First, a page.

tition is plain from the fact that if the petition left a hiatus between such period and the date of filing of the petition, such hiatus might readily represent a complete reconciliation and reunition of the parties that would entirely destroy any right to a divorce arising out of a previous desertion.

Applying this rule to the facts in the case as appearing from the testimony, we agree with the vice-chancellor that petitioner has failed to show such desertion as under the statute entitled him to a divorce.

7 Buch.

The Prudential Insurance Co. of America v. Godfrey.

For affirmance-THE CHIEF-JUSTICE, GARRISON, SWAYZE, TRENCH ARD, PARKER, BERGEN, VOORHEES, MINTURN, BOGERT, VREDENBURGII, VROOM, GRAY, Dill, Congdon--14.

For reversal-None.

THE PRUDENTIAL INSURANCE COMPANY OF AMERICA,

respondent,

V.

JAMIES GODFREY, administrator, et al., appellant.

[Submitted March 220, 1910. Decided June 20th, 1910.) On appeal of the defendant Mary Orr from a decree of the court of chancery advised by Vice-Chancellor Walker, whose opinion is reported in 75 7. J. Eq. (5 Buch.) 484. Mr. William B. Knight and Messrs. French & Richards, for

the appellant.

Mr. James Guest, Mr. Edward D. Duffield and Mr. G. Dore Cogswell, for the respondent.

PER CURIAM.

The complainant company having in its hands a fund due upon a policy of insurance issued by it, and which each of the defendants claimed, filed a bill against them praying that they be required to interplead. To this bill the defendant Orr filed an answer denying the right of the complainant to a decree of interpleader. The defendant Godfrey, as administrator, filed an answer which did not challenge the right of the complainant to a decree: and a cross-bill in which he asserted that he, and not the defendant Orr, was entitled to the fund. Vrs. Orr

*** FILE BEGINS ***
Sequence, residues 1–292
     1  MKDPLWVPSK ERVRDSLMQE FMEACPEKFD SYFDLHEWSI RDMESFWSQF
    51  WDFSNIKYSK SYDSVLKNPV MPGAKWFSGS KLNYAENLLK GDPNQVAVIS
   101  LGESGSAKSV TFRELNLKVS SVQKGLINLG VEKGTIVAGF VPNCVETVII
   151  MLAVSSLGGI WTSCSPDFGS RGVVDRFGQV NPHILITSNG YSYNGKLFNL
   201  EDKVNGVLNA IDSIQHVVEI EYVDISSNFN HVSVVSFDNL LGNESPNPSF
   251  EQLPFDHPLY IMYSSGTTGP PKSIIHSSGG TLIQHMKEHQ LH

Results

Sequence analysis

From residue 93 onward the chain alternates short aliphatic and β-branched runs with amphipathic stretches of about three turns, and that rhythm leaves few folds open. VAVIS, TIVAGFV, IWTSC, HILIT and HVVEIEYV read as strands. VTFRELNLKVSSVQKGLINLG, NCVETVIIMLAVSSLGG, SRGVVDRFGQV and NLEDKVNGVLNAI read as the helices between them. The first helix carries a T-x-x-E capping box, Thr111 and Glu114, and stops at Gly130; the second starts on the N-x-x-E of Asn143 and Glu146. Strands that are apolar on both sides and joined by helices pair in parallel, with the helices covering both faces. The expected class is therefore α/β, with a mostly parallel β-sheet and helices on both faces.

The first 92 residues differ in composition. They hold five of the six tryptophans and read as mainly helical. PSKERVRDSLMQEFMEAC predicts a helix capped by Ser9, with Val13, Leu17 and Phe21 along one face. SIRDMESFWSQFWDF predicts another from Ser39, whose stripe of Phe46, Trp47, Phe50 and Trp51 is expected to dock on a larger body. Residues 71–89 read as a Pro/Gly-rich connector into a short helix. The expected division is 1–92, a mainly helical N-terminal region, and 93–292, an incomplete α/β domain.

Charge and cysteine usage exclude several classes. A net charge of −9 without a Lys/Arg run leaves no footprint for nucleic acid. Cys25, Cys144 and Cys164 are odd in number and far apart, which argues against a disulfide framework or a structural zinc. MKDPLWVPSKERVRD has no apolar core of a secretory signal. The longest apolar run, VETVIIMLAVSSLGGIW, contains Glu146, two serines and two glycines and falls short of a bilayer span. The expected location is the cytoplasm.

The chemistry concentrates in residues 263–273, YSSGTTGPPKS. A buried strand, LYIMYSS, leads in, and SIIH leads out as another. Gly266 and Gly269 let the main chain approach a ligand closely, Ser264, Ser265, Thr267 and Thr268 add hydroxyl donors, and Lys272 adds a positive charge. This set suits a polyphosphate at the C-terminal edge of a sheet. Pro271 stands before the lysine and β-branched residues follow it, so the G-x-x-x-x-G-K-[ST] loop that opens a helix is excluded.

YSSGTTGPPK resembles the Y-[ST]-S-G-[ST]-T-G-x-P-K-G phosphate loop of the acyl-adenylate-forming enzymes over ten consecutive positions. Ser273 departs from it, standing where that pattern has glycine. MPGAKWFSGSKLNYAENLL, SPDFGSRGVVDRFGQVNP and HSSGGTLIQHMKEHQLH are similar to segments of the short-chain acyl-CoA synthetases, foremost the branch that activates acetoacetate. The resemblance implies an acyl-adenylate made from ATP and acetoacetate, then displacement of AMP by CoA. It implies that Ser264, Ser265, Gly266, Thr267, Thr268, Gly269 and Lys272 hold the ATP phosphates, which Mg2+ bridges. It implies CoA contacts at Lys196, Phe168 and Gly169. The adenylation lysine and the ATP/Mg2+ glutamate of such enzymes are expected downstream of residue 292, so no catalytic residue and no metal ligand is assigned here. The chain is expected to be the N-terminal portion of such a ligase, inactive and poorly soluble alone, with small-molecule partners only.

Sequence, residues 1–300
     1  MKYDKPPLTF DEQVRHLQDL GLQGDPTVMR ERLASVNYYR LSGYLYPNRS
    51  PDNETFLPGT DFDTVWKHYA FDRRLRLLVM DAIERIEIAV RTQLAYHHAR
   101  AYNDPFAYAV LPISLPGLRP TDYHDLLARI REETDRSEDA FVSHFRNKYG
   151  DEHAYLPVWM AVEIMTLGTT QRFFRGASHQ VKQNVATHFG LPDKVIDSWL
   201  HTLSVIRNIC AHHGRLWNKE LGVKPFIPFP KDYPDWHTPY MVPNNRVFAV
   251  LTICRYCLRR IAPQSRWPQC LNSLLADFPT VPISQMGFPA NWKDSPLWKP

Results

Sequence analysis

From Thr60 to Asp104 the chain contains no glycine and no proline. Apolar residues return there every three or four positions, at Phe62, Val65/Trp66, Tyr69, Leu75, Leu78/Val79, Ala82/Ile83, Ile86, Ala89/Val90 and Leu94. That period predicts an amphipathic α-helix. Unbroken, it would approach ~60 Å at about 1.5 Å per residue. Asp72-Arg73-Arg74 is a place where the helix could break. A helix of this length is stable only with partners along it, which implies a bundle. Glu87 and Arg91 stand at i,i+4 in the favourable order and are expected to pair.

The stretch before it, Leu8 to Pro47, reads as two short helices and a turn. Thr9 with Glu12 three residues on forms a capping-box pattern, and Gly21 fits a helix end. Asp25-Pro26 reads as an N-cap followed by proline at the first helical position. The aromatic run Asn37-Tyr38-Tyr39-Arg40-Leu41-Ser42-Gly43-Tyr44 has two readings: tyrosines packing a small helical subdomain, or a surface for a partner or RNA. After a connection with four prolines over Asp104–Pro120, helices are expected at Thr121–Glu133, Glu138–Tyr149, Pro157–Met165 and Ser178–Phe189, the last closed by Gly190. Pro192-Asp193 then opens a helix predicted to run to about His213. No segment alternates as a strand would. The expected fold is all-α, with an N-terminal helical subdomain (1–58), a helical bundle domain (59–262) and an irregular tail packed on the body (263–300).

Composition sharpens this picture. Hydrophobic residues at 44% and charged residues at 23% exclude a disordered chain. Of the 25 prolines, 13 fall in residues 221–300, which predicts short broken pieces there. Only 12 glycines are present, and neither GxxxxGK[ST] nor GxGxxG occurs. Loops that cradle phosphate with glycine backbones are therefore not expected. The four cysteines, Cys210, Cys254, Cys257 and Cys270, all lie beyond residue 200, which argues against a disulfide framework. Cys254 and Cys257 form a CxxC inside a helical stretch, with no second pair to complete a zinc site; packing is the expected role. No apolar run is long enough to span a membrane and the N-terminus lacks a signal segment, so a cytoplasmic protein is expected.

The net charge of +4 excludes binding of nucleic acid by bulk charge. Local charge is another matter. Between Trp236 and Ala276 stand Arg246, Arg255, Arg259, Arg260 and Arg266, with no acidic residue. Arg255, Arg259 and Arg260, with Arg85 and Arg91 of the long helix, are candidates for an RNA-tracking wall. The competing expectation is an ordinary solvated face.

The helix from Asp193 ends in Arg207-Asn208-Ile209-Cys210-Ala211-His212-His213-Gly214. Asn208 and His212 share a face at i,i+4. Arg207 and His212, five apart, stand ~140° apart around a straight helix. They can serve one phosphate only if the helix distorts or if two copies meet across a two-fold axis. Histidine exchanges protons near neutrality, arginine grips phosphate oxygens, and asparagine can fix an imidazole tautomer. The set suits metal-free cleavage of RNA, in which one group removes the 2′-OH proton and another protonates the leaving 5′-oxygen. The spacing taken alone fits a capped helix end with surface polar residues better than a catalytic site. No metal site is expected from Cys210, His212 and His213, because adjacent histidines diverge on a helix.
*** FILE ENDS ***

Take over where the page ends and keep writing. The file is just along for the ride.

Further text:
The Prudential Insurance Co. of America v. Godfrey.

77 Eq.

answered the cross-bill denying the right of Godfrey, as administrator, to the fund, and asserting that it belonged to her. At the hearing before the vice-chancellor, the complainant put in its proofs in support of its right to a decree requiring the defendants to interplead, and Mrs. Orr proved the facts upon which she based her denial of the complainant's right to such a decree. At this stage of the case, it was suggested by counsel for Mrs. Orr that the vice-chancellor should first determine the question whether the complainant was entitled to a decree, before requiring the defendants to submit proofs in support of their respective claims to the fund. The vice-chancellor acquiesced in the propriety of the suggestion, and announced that he would reserve his decision on the question of the complainant's right to a decree of interpleader until a later date; and that if he should come to the conclusion that such a decree should go, he would then set a day for hearing the witnesses of the defendants upon the question of which one of them was entitled to the fund. The learned vice-chancellor, on the proofs submitted, concluded that the complainant was entitled to the relief sought by its bill, and then, without hearing further proofs (probably because he considered that the proofs already in were conclusive of the question), decided that Godfrey, as administrator, and not Mrs. Orr, was entitled to the fund. From the decree based upon these conclusions Mrs. Orr appeals. In her petition of appeal, she sets up as grounds of reversal that the vice-chancellor, on the proofs submitted, should have adjudged that Godfrey, as administrator, had no claim upon the fund; that the fund belonged to her, and that her right to it had been recognized by the complainant; that the complainant was not entitled to a decree of interpleader; and that the fund should have been directed to be paid to her, and the complainant's bill dismissed.

The grounds for reversal set out in the petition of appeal seem to us to be without merit. We concur in the conclusions expressed by the learned vice-chancellor in his opinion filed in the court below, that, upon the proofs before him, the complainant was entitled to a decree, and that the right to the fund was in Godfrey, as administrator, and for the reasons expressed in the opinion.